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Rida Sohaib History Russia Year 12

Exam Question
Question: How successful were Stalins industrial policies in developing the Russian economy in the
years 1928-41?
There can be no doubt that Stalins policies of industrialization transformed the economy of
Russia. He aimed to create an economy which could be self sufficient and compete with the Western
superpowers. In this he was successful, as Russia managed to survive the Second World War better than
it had the First. However, his success had its limitations. The three Five Year Plans (FYP) had different
priorities. The first one focused mainly on the rapid creation of heavy industry. The second one focused
on consolidation more than growth, while the third one aimed to prepare Russia for war. All these aims
achieved varying levels of success.
The first FYP aimed to industrialize Russia. Stalin was focused on heavy industries so that he
could prepare Russia for war. The industries of coal, steel, iron, electricity were focused on the most.
This plan was mostly successful in fulfilling the aims. The production of electricity trebled. Oil and coal
production doubled. The industry of steel production grew rapidly. New complexes, factories and
machinery were built. Some new industries started to grow. These were enormous successes and were
accompanied by a shift from a rural Russia to an urban one. However, there were many failures as well.
The skilled workforce shrunk because of the warfare against the skilled bourgeoisie, which caused a lack
of skilled management and hampered Russias growth. Consumer goods were neglected very badly, with
huge shortages of basic commodities such as shoes. Shortage of raw materials often meant that
factories were unable to meet their targets and frequently faked the statistics to avoid repercussions.
Due to focus on high output, quality declined the goods produced were sometimes so substandard
that they could not be used.
The second FYP was still focused on industrialization. However, it corrected previous mistakes
and focused also on consolidation of the economic development achieved during the first Five Year Plan.
Heavy industry benefitted from the plants set up in the last five years. By the end of the second FYP,
Russia was self sufficient in making machines and working metals, a great transformation by Stalin since
Russia had always been very backward in industry. There was rapid growth in the industries of transport
and communication. Workers were trained in high order skills to improve human capital and targets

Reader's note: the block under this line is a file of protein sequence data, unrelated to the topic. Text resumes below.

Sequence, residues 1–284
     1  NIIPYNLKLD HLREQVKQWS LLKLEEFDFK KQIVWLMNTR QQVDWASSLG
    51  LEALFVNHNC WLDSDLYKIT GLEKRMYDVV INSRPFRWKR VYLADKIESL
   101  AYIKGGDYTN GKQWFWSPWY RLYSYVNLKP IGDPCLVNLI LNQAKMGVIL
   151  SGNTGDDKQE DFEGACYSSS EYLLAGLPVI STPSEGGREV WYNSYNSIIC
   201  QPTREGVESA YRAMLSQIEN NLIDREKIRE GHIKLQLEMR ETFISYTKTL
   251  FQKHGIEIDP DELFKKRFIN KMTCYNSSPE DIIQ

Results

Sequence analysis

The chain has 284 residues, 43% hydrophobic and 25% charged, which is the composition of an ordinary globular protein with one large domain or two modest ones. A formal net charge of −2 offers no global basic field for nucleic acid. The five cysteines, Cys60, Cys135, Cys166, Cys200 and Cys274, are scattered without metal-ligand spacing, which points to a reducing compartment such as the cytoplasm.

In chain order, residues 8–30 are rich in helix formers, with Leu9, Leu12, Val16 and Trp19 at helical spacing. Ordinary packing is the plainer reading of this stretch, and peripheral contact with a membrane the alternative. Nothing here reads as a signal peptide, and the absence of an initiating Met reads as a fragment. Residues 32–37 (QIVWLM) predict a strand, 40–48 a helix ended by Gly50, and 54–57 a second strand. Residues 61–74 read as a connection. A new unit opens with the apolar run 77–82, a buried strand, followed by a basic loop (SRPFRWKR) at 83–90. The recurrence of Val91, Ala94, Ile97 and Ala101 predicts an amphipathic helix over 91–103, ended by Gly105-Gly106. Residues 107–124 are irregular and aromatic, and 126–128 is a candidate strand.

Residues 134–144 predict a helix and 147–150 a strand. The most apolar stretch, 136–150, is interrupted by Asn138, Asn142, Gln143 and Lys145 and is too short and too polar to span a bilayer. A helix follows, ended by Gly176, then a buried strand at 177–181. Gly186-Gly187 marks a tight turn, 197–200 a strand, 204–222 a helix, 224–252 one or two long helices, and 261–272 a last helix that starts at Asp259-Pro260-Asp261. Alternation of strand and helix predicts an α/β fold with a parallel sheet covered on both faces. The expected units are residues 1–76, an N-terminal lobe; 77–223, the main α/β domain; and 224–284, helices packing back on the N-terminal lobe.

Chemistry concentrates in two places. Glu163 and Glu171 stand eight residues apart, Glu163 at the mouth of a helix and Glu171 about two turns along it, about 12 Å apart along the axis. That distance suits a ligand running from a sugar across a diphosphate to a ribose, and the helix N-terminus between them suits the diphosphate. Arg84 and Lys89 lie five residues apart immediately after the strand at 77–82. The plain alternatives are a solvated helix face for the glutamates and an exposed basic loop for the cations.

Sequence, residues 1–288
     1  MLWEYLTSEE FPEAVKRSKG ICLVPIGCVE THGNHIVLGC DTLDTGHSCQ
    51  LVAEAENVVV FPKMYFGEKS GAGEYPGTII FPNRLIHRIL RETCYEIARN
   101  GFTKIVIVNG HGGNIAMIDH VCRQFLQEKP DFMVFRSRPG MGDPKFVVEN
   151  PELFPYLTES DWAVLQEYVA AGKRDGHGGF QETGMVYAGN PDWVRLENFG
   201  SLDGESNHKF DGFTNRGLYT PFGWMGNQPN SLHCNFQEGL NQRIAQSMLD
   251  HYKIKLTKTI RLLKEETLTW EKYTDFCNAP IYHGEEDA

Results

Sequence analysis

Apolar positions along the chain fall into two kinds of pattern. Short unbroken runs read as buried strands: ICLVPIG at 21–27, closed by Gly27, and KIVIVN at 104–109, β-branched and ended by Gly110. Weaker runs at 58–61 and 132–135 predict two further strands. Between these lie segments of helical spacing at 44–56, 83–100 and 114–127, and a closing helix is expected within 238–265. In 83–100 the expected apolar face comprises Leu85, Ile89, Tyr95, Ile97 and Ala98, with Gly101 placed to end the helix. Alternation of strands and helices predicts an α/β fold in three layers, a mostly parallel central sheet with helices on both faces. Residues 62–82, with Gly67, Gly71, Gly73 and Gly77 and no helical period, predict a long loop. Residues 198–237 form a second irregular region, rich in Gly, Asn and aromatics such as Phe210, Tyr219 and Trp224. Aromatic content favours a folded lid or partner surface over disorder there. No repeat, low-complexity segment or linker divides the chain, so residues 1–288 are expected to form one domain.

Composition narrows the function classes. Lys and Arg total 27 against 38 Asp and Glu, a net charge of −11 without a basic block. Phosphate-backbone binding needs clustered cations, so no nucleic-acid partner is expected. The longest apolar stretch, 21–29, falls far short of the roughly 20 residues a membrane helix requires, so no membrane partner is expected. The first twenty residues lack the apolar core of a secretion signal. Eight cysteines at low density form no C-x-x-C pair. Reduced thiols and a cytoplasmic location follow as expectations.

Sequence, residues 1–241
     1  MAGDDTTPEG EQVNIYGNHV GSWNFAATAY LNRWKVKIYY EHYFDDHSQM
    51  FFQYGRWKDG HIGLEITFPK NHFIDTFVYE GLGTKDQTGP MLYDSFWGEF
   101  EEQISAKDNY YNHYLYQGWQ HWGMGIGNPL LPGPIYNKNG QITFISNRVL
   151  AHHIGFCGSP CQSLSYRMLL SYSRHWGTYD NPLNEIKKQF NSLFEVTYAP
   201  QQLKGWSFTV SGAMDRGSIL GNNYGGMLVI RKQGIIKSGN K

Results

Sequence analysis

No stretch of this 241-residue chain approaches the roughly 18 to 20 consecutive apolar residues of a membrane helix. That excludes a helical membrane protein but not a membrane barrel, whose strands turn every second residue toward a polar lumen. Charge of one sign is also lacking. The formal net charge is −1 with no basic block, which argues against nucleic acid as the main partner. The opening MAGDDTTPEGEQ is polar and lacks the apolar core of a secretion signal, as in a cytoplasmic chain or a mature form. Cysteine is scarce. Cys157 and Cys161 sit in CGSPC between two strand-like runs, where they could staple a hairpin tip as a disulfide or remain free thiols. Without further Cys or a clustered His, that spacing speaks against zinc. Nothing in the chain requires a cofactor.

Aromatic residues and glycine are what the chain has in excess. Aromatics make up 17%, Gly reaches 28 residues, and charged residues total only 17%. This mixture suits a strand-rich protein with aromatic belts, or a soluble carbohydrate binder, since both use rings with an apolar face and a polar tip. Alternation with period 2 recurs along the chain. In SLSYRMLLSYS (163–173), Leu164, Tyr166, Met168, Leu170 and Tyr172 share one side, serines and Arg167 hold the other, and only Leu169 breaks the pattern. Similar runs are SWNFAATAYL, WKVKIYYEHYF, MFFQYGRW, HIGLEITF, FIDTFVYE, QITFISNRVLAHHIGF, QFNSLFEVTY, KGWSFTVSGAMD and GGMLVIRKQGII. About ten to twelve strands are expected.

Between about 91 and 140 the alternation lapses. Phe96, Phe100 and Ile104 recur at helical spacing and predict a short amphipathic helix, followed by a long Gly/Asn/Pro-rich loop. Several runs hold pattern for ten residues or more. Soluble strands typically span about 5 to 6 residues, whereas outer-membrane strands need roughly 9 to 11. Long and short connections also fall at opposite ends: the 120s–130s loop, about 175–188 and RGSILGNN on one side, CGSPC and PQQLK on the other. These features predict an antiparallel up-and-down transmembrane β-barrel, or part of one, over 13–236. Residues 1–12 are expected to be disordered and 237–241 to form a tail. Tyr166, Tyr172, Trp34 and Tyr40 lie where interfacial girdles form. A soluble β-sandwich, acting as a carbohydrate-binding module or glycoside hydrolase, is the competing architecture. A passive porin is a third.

were scaled back and were more detailed, making them more realistic. The purges provided enormous
amounts of cheap labour from the gulags, the labour camps. There was an increased focus on consumer
goods; however, the industry still had a low priority compared to heavy industry. Oil production also
failed to meet targets. Thus the economy of Russia was transformed greatly due to Stalins policies but
success was continuously offset by weaknesses.
The third FYP was focused on preparing Russia for a war. On the surface, it appears to be
successful since by the time of the World War, the USSR had created a successful industrial base for a
powerful arms industry. There was a rapid growth in defense and armaments, and heavy industry had
continued to grow, though unevenly. However, the consumer goods were lagging again, showing that
Rida Sohaib History Russia Year 12
the growth in industry was at the expense of the citizens. Due to the high amount of resources diverted
to the defense industry, there were shortages in other sectors of the economy. This was worsened by
the purging of most of the members of Gosplan which meant that the administration and the
implementation of the third FYP was quite chaotic. Additionally, the oil industry failed to meet its
modest targets, resulting in a fuel crisis.
In conclusion, Stalin can be considered to be successful in his aim to develop Russias economy.
Russia was industrialized very rapidly, with high amount of output produced from heavy industry. Russia
was also an economy prepared for war, a high achievement considering that both the Tsarist regime and
the Provisional Government were unable to do so. However, Stalins policies can also be considered to
be failures since the industrialization came at a huge expense to the nation since consumer goods
remained a low priority and the quality of the output was often subpar.